The package agreed comprises four main elements: a second commitment period under the Kyoto Protocol, the design of a Green Climate Fund and a mandate to get all countries in 2015 to sign a deal that would force them to cut emissions no later than 2020, as well as a workplan for 2012. Progress on each element of the Durban Platform unlocked other elements. For example early in the second week, delegates made headway on the Green Climate Fund (GCF) as an operating entity of the financial mechanism of the Convention; a fund expected to mobilize US$100 billion a year by 2020. Reports of early progress on the GCF—a priority deliverable for the South African hosts and the region, proved to be a major contributor in raising the stakes. A fragile sense of possibility emerged as Ministers arrived, although there were increasing concerns about the diplomatic management of the process by the South African Presidency.

India and China: Role redefined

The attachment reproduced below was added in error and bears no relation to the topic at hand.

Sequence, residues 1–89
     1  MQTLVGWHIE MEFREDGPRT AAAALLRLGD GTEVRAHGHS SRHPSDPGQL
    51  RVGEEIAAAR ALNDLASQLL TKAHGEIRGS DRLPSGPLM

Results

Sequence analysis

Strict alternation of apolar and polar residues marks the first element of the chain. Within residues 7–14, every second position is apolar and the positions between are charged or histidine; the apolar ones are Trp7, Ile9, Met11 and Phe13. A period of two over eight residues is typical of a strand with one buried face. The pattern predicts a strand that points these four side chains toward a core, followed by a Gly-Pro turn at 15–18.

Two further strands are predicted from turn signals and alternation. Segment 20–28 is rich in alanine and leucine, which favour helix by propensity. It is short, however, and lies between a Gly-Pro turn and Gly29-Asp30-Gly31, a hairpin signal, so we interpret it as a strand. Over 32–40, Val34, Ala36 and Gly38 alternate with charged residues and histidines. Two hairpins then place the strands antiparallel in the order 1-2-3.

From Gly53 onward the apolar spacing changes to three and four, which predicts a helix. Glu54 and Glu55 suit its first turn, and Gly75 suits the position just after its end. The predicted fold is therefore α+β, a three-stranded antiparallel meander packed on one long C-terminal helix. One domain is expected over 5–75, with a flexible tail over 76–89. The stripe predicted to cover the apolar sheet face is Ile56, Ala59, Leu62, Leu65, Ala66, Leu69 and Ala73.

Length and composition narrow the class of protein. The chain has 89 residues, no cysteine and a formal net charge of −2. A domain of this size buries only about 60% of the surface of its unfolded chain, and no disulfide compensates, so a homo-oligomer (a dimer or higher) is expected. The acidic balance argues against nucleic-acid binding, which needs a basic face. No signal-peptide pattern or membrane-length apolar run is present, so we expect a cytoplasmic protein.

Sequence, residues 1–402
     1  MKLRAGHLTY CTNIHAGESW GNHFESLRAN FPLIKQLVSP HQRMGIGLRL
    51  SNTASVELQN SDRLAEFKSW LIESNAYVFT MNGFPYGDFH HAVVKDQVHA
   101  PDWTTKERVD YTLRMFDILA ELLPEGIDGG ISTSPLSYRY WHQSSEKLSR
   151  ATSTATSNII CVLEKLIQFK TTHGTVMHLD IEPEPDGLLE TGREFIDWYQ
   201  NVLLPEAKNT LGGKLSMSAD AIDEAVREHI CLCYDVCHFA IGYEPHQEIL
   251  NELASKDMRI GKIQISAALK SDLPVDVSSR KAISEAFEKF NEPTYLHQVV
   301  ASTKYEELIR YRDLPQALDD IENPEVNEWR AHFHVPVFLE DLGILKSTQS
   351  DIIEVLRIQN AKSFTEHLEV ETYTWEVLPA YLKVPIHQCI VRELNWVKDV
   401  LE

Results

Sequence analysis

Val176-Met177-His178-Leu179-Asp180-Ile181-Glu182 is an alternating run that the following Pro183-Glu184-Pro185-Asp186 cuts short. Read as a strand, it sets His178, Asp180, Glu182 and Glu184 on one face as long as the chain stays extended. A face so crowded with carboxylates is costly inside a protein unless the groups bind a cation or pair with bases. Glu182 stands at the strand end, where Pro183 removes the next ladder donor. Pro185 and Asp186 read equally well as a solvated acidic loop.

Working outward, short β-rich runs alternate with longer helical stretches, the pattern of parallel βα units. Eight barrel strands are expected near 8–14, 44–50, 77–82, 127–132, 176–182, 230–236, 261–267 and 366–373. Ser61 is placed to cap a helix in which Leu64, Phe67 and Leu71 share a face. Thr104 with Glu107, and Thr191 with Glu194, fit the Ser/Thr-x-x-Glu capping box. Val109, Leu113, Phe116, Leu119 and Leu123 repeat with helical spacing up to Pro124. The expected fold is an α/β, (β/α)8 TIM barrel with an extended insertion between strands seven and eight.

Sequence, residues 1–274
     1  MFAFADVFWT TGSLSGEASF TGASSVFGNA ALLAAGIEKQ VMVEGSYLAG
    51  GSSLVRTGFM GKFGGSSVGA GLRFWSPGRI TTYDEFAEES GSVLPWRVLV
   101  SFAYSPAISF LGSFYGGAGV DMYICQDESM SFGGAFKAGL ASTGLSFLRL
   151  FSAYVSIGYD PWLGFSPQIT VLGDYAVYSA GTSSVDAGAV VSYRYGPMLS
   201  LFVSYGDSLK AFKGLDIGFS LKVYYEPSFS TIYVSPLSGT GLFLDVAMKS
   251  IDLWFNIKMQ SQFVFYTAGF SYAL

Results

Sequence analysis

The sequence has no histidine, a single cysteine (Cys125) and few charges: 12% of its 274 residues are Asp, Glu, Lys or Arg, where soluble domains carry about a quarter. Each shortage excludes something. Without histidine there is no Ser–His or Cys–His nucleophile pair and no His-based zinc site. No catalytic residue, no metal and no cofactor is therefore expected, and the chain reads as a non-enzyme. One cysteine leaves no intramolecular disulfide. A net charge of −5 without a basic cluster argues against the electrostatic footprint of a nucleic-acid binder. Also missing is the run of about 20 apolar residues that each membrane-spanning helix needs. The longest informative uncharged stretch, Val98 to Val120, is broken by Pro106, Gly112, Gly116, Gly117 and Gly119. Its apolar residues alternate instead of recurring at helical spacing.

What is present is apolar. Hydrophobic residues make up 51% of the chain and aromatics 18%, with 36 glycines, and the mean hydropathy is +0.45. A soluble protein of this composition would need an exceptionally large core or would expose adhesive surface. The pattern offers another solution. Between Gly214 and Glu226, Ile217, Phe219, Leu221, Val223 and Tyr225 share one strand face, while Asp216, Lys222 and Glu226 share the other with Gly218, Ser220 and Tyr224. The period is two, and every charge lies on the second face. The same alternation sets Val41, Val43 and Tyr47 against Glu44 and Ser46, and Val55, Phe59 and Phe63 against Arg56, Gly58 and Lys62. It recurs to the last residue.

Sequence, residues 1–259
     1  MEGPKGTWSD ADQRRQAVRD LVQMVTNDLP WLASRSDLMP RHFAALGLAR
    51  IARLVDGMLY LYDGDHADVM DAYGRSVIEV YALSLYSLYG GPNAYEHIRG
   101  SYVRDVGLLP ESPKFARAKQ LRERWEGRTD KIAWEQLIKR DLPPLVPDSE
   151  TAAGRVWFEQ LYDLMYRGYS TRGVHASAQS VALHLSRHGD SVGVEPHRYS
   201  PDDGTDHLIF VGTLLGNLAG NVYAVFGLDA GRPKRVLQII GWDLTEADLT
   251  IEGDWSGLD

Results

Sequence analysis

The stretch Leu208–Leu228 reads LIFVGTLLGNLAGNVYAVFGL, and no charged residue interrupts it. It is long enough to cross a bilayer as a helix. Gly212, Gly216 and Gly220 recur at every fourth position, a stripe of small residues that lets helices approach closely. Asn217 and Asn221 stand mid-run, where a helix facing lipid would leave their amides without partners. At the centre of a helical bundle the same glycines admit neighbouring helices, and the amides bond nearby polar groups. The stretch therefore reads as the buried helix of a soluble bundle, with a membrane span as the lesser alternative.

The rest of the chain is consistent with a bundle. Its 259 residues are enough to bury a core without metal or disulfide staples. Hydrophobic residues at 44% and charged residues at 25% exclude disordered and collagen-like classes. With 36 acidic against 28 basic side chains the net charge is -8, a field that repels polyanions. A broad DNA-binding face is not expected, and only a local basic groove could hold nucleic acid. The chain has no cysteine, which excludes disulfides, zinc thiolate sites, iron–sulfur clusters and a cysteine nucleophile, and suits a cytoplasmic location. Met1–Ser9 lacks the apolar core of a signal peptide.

The intensity of the negotiations was highlighted by an impassioned speech by India's Environment Minister Jayanthi Natarajan that capped the finale of the UN climate summit which concluded with a Durban Package, after she warned that India "will never be intimidated by any threat or pressure". "Natarajan's speech ensured that India's main concern – the inclusion of the concept of equity in the fight against climate change – became part of the package,".  The COP17 plenary session came to a halt following row between Natarajan and European Union (EU) Climate Commissioner Connie Hedegaard after objection over agreements reachedbehind closed doors. India had wanted a "legal outcome" as the third option, but Hedegaard said this would put countries' sincerity in doubt. That set off Natarajan, who roared: "We have shown more flexibility than virtually any other country. But equity is the centrepiece, it cannot be shifted. This is not about India. Xie Zhenhua, the vice minister of the National Development and Reform Commission, who headed the Chinese delegation, pointed out that the developing countries like India and China were "already doing much more than developed countries" against global warming. "U.S. and Chinese chief negotiators joined the huddle too. More frenzied applause indicated an agreement had finally been reached. When the session reconvened, Natarajan announced that India had agreed to a change of wording in the third option 'in a spirit of flexibility and accommodation'. Hedegaard thanked India." Commenting, the Chinese delegation said the conference had produced "progressive and balanced outcome." Xie Zhenhua, head of the Chinese delegation, told Xinhua that the outcome is fully in accordance with the mandate of the UNFCCC, the Kyoto Protocol and the Bali Roadmap. The outcome, he added, is also in line with the two-track negotiation process and the principle of common but differentiated responsibilities. "The conference made decisions on the arrangement of the second commitment period under the Kyoto Protocol, which is the most concerned issue of developing countries," Xie noted. "Also, there is an important progress on the finance issue, the establishment of the Green Climate Fund," he added. However, Xie said, the Durban conference did not accomplish the completion of negotiations under the Bali Roadmap. "The implementation of the Cancun Agreements and the Durban Outcome will not be achieved in a short run," Xie said. "A heavy load of work ahead on the post-2020 arrangement needs to be done in order to enhance the implementation of the Convention." Xie also cautioned that some developed countries are reluctant to reduce emissions and support developing countries with financial and technical aid. "The lack of political will is a main element that hinders cooperation on addressing climate change in the international community," he said. "We expect political sincerity from developed countries next year in Qatar." Xie stressed that China will make further contributions to the global cause of tackling climate change by taking stronger domestic actions and continuing to play an active role in relevant international talks.